Jimmy G’s most productive seasons have seen him average just north of 16 fantasy points per game – good for QB17 in 2021. Tagovailoa has yet to eclipse 14 fantasy points per game two years into his career. He also ranked 31st in throwing at the intermediate level (62.5 PFF grade) among 37 qualifying passers last season.

So although Tua is viewed as a popular late-round quarterback among fantasy circles, I have to admit I won’t be pulling the trigger on him in 1QB redraft formats. Especially with his brutal early schedule. New England, Baltimore and Buffalo are hardly the stream-worthy spots you will be confident in starting the southpaw QB. In the Dolphins quarterback’s four combined starts versus those teams in 2021, his fantasy finishes were QB23, QB24, QB18 and QB16.


Minnesota Vikings – Kevin O’Connell, HC

Kirk Cousins
Kirk Cousins is the ugly duckling fantasy quarterback who found his way inside the top 12 producers (QB11, QB12) in back-to-back seasons. Cousins did so last season by directing a surprisingly up-tempo and more pass-heavy Vikings offense. Last year Minnesota was eighth and 12th in neutral pace and passing rate. With Kevin O’Connell at the controls this season, the passing rate could continue to be healthy (LAR, seventh), but the neutral pace could decline (LAR, 16th). If this happens and Adam Thielen takes a step back entering his age 32 season, Cousins will be rendered as a mid QB2.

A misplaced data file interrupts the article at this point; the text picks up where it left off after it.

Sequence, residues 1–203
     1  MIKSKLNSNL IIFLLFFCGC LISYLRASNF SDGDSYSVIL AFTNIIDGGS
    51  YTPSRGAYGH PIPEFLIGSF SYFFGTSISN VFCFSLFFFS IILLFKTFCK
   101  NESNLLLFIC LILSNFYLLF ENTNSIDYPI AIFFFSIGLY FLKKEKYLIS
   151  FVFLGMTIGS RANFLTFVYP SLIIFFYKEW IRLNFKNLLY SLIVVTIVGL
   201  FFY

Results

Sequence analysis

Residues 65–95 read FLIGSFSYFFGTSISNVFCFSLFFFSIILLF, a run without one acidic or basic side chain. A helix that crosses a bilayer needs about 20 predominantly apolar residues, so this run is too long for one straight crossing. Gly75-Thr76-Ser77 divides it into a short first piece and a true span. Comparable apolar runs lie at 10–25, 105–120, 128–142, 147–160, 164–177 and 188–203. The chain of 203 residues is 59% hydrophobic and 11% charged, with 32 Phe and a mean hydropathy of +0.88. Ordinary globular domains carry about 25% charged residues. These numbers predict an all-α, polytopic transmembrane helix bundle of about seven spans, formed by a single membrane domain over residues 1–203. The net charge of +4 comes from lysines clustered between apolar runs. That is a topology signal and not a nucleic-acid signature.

New England Patriots – Joe Judge, Matt Patricia, or Bill Belichick

Mac Jones
The rookie quarterback was highly efficient as a passer, finishing 18th in PFF passing grade, throwing 10-19 yards, 13th from a clean pocket, and 10th on early downs. Those specific metrics tend to be sticky year over year and more predictive than raw counting stats.

Still, those numbers were equally impressive for Jones, who posted the sixth-highest passer rating (92.5) and second-highest completion percentage (67.6%) for a rookie quarterback with at least 300 attempts in NFL history.


New Orleans Saints – Pete Carmichael, OC (he has been the OC, but Sean Payton called the plays while he was HC)

Jameis Winston